Start today. Start where you are. Start on what matters to you. Those were my marching orders after reading Jon Acuff’s new book, Start. (You can read a full review of Start here)

Half-Marathon Running
Dare to take the first step without knowing where the second step will lead. (Click to Tweet)

I’m running a half-marathon later this year. My goal time is 2:08:00. For me, that is fast. About 1:00 per mile faster than I ran a 10k last fall. It’s going to be hard to accomplish that.

What if?

As soon as I committed to running, my thoughts drifted to:

“What if I finish last?”
“What if I don’t finish at all?”
“What if my training is disrupted by sickness, work, or…life?”

Then it occurred to me…what if all of those things happen?

Let’s say I get sick and miss two weeks of training. As a result, I begin race day having only run 11 miles on my best day. At the 11-mile mark, I have to stop and walk for a minute. Then I keep going…slowly. I finish last. I miss my goal by thirty minutes.

What if all of those things happen?

I will still have run farther (11 miles consecutively) than most people will run in their lifetime. I will have trained by running as much as twenty-two miles in a week. I will have lost a lot of weight and improved my stamina. I will be healthier, happier, and ready for the next half-marathon, where it will be much easier to hit my goal time.

Because I started.

That is what Jon reminded me to do in his book.

He reminded me to Start. To dare to take the first step without knowing where the second step will lead.

The idol of results

He reminded me to keep the end in mind (a la Stephen Covey’s The 7 Habits of Highly Effective People) but not to make it the only acceptable destination.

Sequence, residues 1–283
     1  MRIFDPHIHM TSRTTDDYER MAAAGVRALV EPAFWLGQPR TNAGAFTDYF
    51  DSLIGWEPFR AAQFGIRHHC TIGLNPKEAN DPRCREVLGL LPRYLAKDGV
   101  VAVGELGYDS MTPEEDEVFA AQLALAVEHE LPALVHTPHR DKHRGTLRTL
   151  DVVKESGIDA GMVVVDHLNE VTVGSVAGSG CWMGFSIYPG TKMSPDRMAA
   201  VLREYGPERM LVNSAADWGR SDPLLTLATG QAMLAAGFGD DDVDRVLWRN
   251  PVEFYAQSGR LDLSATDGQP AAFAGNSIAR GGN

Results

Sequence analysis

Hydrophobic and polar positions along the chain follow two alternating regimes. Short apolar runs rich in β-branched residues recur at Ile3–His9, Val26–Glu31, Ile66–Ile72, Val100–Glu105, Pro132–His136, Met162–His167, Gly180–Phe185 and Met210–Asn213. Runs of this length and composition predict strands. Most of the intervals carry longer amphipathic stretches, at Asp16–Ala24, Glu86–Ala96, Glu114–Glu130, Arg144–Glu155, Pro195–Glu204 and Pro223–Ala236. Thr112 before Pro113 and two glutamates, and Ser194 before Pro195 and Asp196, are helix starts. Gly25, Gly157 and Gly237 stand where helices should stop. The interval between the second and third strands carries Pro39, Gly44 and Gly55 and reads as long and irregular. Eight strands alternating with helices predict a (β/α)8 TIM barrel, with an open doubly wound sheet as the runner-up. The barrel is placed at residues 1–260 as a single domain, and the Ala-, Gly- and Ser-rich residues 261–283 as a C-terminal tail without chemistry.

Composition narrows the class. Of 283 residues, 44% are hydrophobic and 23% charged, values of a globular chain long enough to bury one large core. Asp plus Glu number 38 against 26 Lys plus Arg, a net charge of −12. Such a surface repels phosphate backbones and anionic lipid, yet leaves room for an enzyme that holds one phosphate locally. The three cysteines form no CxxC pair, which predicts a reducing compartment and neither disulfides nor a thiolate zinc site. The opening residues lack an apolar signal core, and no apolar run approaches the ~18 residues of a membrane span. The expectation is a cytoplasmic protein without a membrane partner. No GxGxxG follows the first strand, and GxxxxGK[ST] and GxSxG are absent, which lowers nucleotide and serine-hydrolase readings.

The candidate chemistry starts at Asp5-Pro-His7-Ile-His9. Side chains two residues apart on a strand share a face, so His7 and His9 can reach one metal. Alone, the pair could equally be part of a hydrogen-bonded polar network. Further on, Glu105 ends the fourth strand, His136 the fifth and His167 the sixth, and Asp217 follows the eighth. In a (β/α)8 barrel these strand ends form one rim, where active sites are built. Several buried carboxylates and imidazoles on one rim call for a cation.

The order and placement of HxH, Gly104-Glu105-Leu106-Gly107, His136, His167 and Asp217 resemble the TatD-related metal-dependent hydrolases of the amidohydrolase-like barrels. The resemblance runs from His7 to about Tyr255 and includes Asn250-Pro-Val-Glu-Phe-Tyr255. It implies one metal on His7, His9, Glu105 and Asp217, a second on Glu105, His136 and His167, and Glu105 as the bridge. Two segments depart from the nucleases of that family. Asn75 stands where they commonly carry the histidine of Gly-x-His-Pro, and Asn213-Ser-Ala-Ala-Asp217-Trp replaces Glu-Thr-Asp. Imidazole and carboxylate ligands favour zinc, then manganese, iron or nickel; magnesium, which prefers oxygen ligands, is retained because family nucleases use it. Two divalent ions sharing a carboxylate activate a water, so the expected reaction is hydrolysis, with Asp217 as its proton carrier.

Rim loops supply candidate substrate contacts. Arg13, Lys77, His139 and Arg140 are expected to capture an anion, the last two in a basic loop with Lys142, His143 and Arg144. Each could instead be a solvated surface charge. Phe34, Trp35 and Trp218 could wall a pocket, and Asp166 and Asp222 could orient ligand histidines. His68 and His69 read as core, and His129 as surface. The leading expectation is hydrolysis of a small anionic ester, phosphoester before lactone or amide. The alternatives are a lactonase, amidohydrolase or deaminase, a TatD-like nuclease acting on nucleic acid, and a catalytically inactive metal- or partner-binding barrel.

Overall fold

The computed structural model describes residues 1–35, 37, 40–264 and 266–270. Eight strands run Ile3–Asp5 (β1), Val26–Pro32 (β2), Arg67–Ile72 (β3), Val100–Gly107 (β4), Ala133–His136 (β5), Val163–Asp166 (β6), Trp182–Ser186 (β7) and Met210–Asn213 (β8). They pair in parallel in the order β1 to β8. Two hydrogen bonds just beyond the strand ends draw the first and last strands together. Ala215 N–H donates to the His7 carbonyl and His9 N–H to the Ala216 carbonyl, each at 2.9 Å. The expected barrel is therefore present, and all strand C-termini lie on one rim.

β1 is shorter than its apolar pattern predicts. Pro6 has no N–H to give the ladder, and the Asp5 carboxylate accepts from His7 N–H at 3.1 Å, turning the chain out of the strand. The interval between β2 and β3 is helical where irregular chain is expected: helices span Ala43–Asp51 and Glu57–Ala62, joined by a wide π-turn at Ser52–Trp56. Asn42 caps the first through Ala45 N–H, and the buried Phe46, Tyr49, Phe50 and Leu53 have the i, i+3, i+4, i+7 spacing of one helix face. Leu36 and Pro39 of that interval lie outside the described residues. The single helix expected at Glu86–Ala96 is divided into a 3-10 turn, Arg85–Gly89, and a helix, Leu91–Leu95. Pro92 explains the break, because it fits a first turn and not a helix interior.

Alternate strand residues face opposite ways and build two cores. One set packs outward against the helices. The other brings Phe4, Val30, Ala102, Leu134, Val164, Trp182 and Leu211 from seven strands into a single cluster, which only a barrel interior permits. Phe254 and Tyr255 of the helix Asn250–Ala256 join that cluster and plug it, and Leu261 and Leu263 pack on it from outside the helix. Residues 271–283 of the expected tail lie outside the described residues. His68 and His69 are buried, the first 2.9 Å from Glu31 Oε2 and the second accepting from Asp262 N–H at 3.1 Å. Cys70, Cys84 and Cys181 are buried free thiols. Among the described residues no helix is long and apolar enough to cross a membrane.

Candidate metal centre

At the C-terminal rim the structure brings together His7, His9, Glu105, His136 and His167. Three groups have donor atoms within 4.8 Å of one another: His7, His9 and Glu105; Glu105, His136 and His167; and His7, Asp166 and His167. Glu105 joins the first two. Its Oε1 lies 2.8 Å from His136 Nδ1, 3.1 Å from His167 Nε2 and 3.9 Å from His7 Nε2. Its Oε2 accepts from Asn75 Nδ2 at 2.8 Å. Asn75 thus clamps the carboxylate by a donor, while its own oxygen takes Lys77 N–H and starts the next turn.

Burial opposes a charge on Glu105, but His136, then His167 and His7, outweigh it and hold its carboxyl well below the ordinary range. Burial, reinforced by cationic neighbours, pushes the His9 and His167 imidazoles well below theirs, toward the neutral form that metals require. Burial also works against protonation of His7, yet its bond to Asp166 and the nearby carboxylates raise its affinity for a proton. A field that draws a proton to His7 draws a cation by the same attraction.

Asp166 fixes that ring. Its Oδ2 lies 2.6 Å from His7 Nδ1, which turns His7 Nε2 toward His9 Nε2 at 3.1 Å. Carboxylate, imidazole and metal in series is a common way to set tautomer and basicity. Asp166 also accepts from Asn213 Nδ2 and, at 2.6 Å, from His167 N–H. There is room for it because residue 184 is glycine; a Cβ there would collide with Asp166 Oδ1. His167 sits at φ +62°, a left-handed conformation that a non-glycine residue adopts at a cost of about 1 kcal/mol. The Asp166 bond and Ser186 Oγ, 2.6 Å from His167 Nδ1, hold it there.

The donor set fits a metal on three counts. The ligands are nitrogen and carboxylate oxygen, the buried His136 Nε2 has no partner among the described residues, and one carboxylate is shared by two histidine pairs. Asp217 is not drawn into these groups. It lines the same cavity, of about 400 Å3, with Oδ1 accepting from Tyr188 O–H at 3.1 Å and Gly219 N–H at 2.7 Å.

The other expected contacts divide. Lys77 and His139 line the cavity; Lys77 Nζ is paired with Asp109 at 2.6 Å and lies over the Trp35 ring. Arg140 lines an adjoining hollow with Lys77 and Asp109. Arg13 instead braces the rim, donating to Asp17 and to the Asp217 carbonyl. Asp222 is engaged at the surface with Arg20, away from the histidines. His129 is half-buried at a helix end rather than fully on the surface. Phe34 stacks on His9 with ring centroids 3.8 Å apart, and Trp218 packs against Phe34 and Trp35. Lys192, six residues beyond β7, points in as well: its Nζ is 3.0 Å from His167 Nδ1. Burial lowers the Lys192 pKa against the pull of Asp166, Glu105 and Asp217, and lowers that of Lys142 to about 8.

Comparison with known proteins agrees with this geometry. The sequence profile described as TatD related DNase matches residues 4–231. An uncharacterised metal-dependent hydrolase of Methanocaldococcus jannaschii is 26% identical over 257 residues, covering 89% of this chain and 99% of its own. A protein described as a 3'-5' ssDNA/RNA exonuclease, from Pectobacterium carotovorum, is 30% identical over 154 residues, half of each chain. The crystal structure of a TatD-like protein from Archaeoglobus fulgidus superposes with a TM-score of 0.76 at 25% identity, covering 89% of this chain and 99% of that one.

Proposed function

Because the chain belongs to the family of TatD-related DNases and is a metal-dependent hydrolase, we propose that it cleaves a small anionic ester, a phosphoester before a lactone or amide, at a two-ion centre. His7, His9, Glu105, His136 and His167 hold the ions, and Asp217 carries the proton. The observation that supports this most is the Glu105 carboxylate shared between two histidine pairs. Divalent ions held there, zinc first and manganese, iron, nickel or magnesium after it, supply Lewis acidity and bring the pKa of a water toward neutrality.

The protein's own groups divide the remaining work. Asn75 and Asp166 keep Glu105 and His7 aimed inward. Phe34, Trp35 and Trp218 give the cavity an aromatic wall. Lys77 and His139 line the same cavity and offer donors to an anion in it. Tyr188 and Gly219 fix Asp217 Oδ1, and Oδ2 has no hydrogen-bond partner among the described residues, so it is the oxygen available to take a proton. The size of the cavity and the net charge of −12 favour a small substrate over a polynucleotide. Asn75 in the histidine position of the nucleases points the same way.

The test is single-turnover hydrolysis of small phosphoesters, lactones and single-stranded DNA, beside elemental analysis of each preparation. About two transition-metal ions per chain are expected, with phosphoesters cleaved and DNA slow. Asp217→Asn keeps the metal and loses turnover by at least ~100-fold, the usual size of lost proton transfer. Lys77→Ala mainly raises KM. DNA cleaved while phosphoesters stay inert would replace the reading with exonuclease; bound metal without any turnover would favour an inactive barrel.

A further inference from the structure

He reminded me not to worship the end or make results my idol.

I will boldly go where I have never gone before…even if I have no idea where that will actually be.

The first step

Start today. I took the first step.

Start where you are. It was cold, so I ran on our treadmill.

Start on what matters to you. Being healthier? Check. Pushing myself? Check. Raising money for a good cause (more on that later)? Check.

I may run a half-marathon in 2:08:00 or less. I may run it in 2:38:00 or more. I might limp across the finish line. Or I might blaze through like Steve Prefontaine.

Regardless of the outcome, I have started the journey. That is the hardest part…and the most significant.

Thank you Jon, for reminding me to:

Start today. Start where you are. Start on what matters to you.

What have you put off that you can START today?

16 thoughts on “Take the First Step

  1. Dan Erickson says:

    How can you have time to train for and run a marathon when you run a blog? Sometimes the blogging seems to take over my exercise time.

    1. Matt McWilliams says:

      I (and most runners) only do one long run per week. Right now, that is 5 miles for me. Next week 6 and so on.

      If am on the treadmill, a 6 mile run with proper warm up and cool down is only about 75 minutes. If I drive to a place to run nearby, add on 15 minutes.

      Granted, my 12+ mile runs eventually will take some time. I’ll have to sacrifice 2 hours a week somewhere…probably in yard work 🙂